Clean Power solar panel efficiency potential

Published on April 1st, 2013 | by Zachary Shahan


Current Solar Module Efficiency Nowhere Near Its Potential, Especially Thin-Film Solar & CPV (Chart)

April 1st, 2013 by  

National Renewable Energy Laboratory (NREL) Director Dan Arvizu recently gave a keynote speech during the 2013 International Renewable Energy Conference (part of Abu Dhabi Sustainability Week), which I was lucky enough to attend*. His speech covered a large variety of cleantech topics, and most of the points he made have been covered extensively here on CleanTechnica. However, a couple of his points stood out to me as rather interesting and relatively uncovered.

Some of them are the foci of the interviews I conducted with him after his presentation (see the posts linked on the bottom of this article). But I decided to leave a couple of the points out of our interviews since they’re pretty straightforward and the chart presenting them is available on the NREL website, and now right here:

solar panel efficiency potential

The takeaway points from the chart are:

  1. The current efficiencies of all types of solar modules and solar cells are nowhere near their theoretical efficiency limits. (And that’s not to say the theoretical limits can’t also increase.)
  2. Thin-film solar (CdTe) is especially ripe for efficiency improvements (commentary on that below), as are concentrated photovoltaics (CPV).

Thin-film solar panels were super hot until the price of conventional solar PV fell out the bottom and took nearly complete control of the market. Nonetheless, even today, First Solar (the leading thin-film solar company in the world) is the world’s #2 solar module manufacturer and #1 solar developer. Looking at the potential for efficiency improvements of this technology, thin-film solar’s future looks even brighter. (And, FYI, I talked with First Solar’s CTO the same day that I interviewed Dan Arvizu, and he hinted at the same thing, but couldn’t provide me with details on this matter at that time.)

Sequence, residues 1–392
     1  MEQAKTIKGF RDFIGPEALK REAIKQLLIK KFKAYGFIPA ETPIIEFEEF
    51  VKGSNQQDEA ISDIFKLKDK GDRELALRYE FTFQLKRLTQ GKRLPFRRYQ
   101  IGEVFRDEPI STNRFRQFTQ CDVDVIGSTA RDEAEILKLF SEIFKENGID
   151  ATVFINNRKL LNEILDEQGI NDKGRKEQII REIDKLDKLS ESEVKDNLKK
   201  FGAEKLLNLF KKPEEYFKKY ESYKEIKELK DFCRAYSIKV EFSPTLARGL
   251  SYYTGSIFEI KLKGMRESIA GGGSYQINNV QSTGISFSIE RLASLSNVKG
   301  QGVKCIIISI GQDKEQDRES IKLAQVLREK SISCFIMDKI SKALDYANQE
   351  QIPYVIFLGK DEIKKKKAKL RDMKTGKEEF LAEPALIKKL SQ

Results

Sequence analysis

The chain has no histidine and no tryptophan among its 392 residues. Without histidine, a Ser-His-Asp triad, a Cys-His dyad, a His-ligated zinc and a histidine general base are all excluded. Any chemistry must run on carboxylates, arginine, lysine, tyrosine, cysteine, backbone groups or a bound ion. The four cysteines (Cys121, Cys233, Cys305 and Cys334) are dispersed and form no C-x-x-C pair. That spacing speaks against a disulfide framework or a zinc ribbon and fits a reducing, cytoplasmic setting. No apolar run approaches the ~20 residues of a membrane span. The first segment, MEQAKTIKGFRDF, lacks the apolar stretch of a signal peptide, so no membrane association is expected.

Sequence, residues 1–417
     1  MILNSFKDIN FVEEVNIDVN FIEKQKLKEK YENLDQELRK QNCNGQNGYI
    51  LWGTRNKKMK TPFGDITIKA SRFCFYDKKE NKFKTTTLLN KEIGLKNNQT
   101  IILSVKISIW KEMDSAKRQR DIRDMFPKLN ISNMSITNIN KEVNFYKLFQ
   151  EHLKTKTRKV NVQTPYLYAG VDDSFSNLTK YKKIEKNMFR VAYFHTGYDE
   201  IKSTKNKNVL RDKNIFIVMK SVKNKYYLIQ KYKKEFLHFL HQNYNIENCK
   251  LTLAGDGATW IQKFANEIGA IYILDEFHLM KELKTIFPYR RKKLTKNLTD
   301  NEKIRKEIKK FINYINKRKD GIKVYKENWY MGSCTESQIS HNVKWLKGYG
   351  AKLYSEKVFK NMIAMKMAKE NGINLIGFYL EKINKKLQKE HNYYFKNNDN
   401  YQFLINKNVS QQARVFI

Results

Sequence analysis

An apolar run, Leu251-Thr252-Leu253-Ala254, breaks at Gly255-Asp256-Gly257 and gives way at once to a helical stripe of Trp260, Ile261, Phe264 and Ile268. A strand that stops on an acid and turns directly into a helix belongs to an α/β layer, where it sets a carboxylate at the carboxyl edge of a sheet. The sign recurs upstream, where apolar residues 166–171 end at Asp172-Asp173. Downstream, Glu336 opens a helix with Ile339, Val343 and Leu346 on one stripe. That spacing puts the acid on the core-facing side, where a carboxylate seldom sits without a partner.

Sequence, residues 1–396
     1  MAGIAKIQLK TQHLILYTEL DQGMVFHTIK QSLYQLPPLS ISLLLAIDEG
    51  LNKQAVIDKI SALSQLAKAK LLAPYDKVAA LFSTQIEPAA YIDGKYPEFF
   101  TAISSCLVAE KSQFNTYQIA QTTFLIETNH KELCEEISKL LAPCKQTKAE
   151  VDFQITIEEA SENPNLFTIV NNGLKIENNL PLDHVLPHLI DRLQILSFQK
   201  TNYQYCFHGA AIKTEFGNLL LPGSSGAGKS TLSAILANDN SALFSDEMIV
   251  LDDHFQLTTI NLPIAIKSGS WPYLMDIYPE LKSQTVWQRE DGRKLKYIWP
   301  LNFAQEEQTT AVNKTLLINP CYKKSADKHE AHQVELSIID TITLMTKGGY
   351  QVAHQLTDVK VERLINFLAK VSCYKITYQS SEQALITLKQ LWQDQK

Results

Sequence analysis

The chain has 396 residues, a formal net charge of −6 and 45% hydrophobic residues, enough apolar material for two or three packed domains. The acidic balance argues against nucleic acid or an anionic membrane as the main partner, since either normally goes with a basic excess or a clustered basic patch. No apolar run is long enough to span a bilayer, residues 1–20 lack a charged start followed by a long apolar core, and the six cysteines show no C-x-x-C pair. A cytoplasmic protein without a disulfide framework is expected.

The general benefit of thin-film solar is that it’s cheaper than conventional PV. Its downside is that it’s less efficient, but as you can see in the chart above, its theoretical efficiency limit is equal to or better than every other type of solar besides CPV (which is very efficient but still quite expensive).

Of course, there are thin-film solar companies other than First Solar that are vying to take a bigger portion of the market (such as Japan’s Solar Frontier), and they are trying to develop better thin-film solar technology in order to do so. And improvements to thin-film solar cell efficiency are being made regularly in labs and universities around the world. So, overall, it seems that we can expect that gap between real-world efficiency and theoretical efficiency to keep closing.

I guess the question this leaves us with is which technology or technologies will improve their real-world efficiencies using low-cost materials quickly enough to dominate the solar power market in the coming decades?

solar cell efficiency records

But one thing is clear: as solar becomes more efficient and cheaper, there’s no stopping its solar power growth across the world.

For more from this jam-packed day at the 2013 International Renewable Energy Conference, also see:

*Full Disclosure: my trip to Abu Dhabi Sustainability Week was funded by Masdar. That said, I was completely free to cover what I wanted throughout the week, and at no point did I feel under pressure to cover any specific events or Masdar in any particular way.

For more content from CleanTechnica’s trip to Abu Dhabi, check out our archive pages for Abu Dhabi Sustainability Week, the World Future Energy Summit, and/or the International Renewable Energy Conference.